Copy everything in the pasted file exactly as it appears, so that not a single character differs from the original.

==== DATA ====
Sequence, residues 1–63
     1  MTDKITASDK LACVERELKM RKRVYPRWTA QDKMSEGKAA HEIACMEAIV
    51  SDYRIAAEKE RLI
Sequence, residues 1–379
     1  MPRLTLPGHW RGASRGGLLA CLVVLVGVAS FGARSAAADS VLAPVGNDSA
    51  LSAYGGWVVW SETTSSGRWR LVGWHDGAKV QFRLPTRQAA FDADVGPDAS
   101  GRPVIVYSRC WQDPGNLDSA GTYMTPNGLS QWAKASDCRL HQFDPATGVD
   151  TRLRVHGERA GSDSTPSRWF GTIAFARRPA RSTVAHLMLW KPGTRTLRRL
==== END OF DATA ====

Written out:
Sequence, residues 1–63
     1  MTDKITASDK LACVERELKM RKRVYPRWTA QDKMSEGKAA HEIACMEAIV
    51  SDYRIAAEKE RLI
Sequence, residues 1–379
     1  MPRLTLPGHW RGASRGGLLA CLVVLVGVAS FGARSAAADS VLAPVGNDSA
    51  LSAYGGWVVW SETTSSGRWR LVGWHDGAKV QFRLPTRQAA FDADVGPDAS
   101  GRPVIVYSRC WQDPGNLDSA GTYMTPNGLS QWAKASDCRL HQFDPATGVD
   151  TRLRVHGERA GSDSTPSRWF GTIAFARRPA RSTVAHLMLW KPGTRTLRRL